The Gaussian Integer coloring algorithm colors fractals according to how the calculated orbits are related to Gaussian integers.
Gaussian Integer is available as a coloring algorithm in Standard.ucl, or as a trap shape plug-in in Standard.ulb that can be used together with the Orbit Traps or Direct Orbit Traps coloring plug-ins. See Example 2 - Orbit trap plug-ins .
Gaussian integers are complex numbers normalized to integer values. This coloring algorithm examines the values of z calculated by the fractal formula, and tests them against nearby Gaussian integers.
The resulting images are richly textured, containing many circles, dots, and stars. By tweaking the provided parameters, many variations are possible.
The following parameters are available:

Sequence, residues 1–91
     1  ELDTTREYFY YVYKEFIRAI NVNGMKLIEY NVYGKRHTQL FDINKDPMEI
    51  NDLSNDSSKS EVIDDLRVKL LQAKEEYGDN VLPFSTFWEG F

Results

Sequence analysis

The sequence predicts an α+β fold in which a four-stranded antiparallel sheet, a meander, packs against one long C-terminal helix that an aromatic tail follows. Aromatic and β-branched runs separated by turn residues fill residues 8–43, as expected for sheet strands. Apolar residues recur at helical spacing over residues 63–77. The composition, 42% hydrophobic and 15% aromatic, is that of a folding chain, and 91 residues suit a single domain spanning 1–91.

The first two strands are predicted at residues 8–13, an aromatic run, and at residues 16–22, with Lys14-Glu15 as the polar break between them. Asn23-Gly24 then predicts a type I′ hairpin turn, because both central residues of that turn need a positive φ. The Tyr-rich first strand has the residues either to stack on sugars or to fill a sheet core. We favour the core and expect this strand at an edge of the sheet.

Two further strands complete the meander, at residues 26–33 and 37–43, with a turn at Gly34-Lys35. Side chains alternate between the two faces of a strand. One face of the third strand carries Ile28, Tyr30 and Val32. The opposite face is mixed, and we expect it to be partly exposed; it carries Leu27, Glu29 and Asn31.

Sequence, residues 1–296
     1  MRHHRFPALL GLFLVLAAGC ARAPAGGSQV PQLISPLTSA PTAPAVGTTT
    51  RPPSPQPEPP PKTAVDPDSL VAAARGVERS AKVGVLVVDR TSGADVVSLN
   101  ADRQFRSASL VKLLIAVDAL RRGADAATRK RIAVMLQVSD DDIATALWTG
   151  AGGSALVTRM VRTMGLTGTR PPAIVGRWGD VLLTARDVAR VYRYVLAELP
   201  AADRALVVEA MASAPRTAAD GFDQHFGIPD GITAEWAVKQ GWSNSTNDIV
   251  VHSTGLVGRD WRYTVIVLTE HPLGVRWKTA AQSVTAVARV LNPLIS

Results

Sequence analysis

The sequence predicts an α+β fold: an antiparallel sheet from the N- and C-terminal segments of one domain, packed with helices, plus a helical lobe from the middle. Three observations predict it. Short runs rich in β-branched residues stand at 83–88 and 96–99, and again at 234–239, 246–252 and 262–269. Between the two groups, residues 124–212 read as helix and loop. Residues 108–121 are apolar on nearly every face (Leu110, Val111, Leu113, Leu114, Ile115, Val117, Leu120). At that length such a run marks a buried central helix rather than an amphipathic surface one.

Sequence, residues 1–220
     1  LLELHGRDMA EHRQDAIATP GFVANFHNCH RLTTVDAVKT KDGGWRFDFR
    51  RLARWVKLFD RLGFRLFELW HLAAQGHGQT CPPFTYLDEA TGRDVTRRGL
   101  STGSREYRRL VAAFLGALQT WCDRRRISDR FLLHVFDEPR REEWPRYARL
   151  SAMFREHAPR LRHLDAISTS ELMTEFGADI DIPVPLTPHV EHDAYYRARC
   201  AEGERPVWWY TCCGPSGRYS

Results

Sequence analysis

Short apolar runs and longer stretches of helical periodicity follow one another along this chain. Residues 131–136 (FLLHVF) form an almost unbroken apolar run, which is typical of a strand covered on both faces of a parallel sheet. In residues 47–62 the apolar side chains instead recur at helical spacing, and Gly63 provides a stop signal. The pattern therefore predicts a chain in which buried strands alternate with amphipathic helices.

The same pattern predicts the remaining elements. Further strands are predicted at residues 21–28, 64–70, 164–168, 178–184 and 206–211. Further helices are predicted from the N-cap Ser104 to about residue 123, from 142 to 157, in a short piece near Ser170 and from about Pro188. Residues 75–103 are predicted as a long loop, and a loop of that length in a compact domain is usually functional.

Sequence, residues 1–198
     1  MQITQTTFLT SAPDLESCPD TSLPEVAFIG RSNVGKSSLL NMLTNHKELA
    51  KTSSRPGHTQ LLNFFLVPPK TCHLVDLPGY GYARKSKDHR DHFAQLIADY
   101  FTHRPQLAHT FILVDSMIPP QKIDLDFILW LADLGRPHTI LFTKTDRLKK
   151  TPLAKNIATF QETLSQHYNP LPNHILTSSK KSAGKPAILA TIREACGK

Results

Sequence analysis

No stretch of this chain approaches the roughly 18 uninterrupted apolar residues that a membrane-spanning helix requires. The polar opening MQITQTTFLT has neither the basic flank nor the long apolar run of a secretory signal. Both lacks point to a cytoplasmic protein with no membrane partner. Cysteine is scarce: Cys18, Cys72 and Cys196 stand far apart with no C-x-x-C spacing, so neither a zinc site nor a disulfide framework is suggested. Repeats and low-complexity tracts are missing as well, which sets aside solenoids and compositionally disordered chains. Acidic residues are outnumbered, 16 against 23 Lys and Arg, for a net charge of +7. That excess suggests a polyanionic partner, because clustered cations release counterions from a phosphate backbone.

Specifies the rounding method to use to find the nearest Gaussian integer. The round(z) option usually gives smoother images than the other options.
Selects how the color of each pixel is determined. For example, it can be colored by the minimum distance from a value of z to the nearest Gaussian integer.
Chooses between several ways of normalizing the distance to the nearest Gaussian integer. If you select factor or f(z), an additional parameter will appear that specifies the normalization factor or function to use.
If checked, a small randomization factor is added to each value of z before examining its behavior. Additional parameters will appear to specify the amount of randomization and a seed value. Each seed value will give different randomization patterns.
In the trap shape plug-in version, this option is not available. However, you can achieve the same effect by selecting the Randomize transformation plug-in from Standard.ulb for the Trap Position parameter in the Orbit Traps plug-in.
Example 2 - Orbit trap plug-ins
Standard coloring algorithms